objectives, while others will wish to compete on the basis of superior experience and the
need to develop their program from emergent to competitive. This realization, and
sorting by type, allows managers to benchmark their own efforts and set achievable
goals that can be shared across the firm. The second axis of typology identifies the
current dimensions of practice that help generate identifiable practices and programs for
each overall cluster or type. We expect that most firms practices reflect a mixture of the
types echoing the empirical findings of Coviello et al. (2002). A typology therefore
provides an illustration of a firms current state of CE practices and therefore serves as
the as is state upon which a CE program can be grafted. Whilst sometimes
inconsistent, managerial perceptions as to the definition and scope of CE reflect
academic literature, accepting that emerging scholarly definitions are very broad. The
dominant themes emerging from our managerial interviews are that CE management
enacts the firms brand values, and provides engaging customer emotional and
functional benefits consistently across customer touch-points and channels through
motivated employees. The notion of a sequence of encounters with customers,
designed by the firm, leading to emotional attachment to the brand is a central theme in
the academic literature (e.g. Hume, 2006). The centrality of people in CE is equally well
documented (e.g. Heskett et al., 1994; Smith, 2002).
If the what of CE management is broadly aligned with research, the how seems to
diverge. Researchers advice on implementing CE coalesces around deploying process
management tools around the sequence of customer encounters, albeit process tools
extended to allow design elements that provoke emotional responses. Accepting that
traditional quality management focuses overly upon the repeatability of service actions
within a tight variance of output, CE scholars create tools that focus on functional and
emotional outcomes including Servicescape (Bitner, 1992), multi-level service design
(Patricio et al., 2011) and learning from drama (Goodwin, 1996). However, we found
evidence for the use of a process-based tool in only one interview. The dominant
management activities associated with CE, in our research, are channel (touch-point)
integration and attendant back-front office integration. This supports the work of Neslin
and Shankar (2009) highlighting the strategic importance of multichannel management
and integration. The often implicit assumption of the managers interviewed is that if the
firm can provide a consistent delivery of its brand values, it will improve CE. This
approach tends to confound consistency with effectiveness. Linking this consistent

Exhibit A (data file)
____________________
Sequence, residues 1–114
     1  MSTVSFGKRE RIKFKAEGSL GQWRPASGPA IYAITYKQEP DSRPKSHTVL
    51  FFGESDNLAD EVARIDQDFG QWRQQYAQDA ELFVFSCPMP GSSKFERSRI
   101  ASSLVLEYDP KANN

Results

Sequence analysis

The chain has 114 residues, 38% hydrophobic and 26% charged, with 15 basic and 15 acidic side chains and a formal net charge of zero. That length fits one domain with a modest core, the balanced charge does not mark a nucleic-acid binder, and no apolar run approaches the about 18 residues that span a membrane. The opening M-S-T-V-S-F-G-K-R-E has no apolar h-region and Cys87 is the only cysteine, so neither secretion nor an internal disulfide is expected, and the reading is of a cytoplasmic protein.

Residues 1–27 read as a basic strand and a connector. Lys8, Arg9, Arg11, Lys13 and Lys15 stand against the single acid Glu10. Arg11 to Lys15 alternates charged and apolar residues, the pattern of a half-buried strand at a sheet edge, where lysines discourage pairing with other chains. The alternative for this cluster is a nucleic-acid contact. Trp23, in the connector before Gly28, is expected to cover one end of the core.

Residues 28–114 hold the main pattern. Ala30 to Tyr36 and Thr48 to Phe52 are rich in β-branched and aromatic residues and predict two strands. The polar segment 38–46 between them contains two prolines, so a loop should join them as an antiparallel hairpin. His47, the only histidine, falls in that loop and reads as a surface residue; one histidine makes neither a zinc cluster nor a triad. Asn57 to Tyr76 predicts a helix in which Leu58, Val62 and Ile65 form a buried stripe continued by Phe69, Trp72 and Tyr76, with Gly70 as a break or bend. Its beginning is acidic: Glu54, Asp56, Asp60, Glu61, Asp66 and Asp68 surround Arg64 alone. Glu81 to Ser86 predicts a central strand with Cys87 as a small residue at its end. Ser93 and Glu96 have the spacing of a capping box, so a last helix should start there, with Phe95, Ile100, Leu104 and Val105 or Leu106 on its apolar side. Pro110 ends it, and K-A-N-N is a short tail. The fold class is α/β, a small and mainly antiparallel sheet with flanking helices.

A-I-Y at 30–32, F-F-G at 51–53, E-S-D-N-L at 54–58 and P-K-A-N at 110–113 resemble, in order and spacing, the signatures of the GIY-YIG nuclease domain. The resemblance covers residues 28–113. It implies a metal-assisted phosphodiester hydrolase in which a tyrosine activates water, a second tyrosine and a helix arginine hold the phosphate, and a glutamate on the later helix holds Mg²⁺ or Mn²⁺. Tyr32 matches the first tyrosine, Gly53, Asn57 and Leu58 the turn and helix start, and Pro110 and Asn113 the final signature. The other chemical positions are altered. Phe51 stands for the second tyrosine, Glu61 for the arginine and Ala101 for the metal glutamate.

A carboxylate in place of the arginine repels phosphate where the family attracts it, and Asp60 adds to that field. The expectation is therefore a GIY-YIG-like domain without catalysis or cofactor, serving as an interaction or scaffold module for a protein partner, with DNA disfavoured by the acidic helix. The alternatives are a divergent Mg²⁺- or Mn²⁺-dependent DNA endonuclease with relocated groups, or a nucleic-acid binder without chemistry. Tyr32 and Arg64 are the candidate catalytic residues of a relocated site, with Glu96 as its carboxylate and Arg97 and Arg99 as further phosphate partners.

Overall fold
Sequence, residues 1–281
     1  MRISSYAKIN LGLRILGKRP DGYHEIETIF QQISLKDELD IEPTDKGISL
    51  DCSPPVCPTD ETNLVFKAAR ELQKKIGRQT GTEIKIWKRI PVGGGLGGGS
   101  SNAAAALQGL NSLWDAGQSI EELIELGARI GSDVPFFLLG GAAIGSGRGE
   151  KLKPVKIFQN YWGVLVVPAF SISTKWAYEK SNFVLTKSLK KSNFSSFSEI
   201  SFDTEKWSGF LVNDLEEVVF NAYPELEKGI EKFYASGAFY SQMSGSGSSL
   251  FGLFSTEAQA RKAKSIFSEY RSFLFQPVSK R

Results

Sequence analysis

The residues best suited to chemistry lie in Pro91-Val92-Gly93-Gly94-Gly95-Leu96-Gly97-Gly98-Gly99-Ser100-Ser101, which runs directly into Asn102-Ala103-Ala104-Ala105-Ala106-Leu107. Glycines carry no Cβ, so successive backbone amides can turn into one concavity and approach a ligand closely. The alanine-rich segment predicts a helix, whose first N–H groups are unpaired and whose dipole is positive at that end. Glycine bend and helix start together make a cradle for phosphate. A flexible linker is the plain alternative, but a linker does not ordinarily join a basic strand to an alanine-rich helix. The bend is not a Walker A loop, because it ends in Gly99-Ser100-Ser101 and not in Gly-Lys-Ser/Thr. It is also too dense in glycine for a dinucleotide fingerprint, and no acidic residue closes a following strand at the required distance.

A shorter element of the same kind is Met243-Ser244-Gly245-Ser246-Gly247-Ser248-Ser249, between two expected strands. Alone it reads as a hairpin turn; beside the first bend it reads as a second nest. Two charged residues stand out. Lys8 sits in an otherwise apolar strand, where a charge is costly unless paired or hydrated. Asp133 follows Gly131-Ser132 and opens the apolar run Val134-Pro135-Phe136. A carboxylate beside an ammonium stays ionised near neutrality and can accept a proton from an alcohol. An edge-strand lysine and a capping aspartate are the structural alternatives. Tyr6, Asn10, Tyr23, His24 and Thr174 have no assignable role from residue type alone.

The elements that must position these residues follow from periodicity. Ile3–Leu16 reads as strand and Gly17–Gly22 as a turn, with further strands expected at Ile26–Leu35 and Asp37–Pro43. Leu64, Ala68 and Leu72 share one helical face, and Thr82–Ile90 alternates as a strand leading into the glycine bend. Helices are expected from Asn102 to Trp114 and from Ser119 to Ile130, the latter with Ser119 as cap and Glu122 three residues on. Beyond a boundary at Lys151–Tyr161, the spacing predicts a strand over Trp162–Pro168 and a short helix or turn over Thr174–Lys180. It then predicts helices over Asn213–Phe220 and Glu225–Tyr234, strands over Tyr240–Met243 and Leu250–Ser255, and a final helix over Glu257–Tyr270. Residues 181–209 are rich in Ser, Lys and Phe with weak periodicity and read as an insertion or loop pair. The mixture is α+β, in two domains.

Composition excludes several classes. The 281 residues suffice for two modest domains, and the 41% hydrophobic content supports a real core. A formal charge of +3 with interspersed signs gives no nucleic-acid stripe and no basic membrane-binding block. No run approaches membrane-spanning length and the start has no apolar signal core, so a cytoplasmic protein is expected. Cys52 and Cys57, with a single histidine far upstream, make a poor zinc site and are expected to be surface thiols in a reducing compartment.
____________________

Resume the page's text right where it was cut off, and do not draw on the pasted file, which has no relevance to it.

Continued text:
delivery of brand values to customer value created and or business outcomes is indirect.
Eschewing calls in the literature for measurement specific to the construct of CE
(Verhoef et al., 2009; Klaus & Maklan, 2012), managers interviewed use customer
satisfaction, more specifically its Net Promoter Score (NPS) derivation, to monitor
customers overall assessment of their encounters with the firm. Whilst consistent with
the broader definition of CE, overall satisfaction might not generate the forensic data
that targets investment towards those areas of the experience that impact satisfaction
most. Equally, such measures limit their universe to existing customers and fail to
identify the experiences of lapsed and competitive users normally the majority of the
market. In analyzing what managers actually do, our research suggests that CE
management is a development of both Quality and Relationship Marketing theories /
practices. Managers articulate clearly the origins of their CE programs from extant

activities in one or both areas. Typically, a service firm identifies poor quality and or
inconsistent service delivery as an inhibitor to the development of their most profitable
customers and conceives of a CE program to address the issue. Scholars seeking to
establish that experience is conceptually new and important may at times
overemphasize its unique contribution to theory, whereas managers take a more
pragmatic perspective, and position CE as an extension to well-understood existing
activities. We therefore posit that CE will generate incremental performance and
customer value improvements rather than a dramatic step-change with the past.
Limitations and directions for future research
As does any research, our investigation has certain limitations that must be
acknowledged. Although the expert respondents are reasonable representatives of the
phenomenon of interest, they could be considered convenience samples. Further
research could explore CE management practices in even more detail based on specific
industry contexts and country of origin. We believe that extending our study to other
areas, subsequently allowing comparative studies if CE practice according to cultural
differences and across industries could be fruitful.

References
Abbott, L. (1955). Quality and competition: An essay in economic theory. New York, NY:
Columbia University Press.
Berry, L.L., Carbone, L.P., & Haeckel, S.H. (2002). Managing the total customer
experience. MIT Sloan Management Review, 43(3), 8589.
Berry, L.L., Wall, E.A., & Carbone, L.P. (2006). Service clues and customer assessment
of the service experience: Lessons from marketing. Academy of Management
Perspectives, 20(2), 4357.
Bitner, M. J., Ostrom, A. L.,, & Morgan, F. N. (2008). Service blueprinting: A practical
technique for service innovation. California Management Review, 50(3, Spring), 6694.
Boulding, W., Staelin, R., Ehret, M., & Johnston, W. (2005). A customer relationship
management roadmap: What is known, potential pitfalls, and where to go. Journal of
Marketing, 69(October), 155166.
Coviello, N., Brodie, R., Danaher, P., & Johnston, W. (2002). How firms relate to their
markets: An empirical examination of contemporary marketing practices. Journal of
Marketing, 66(3), 3346.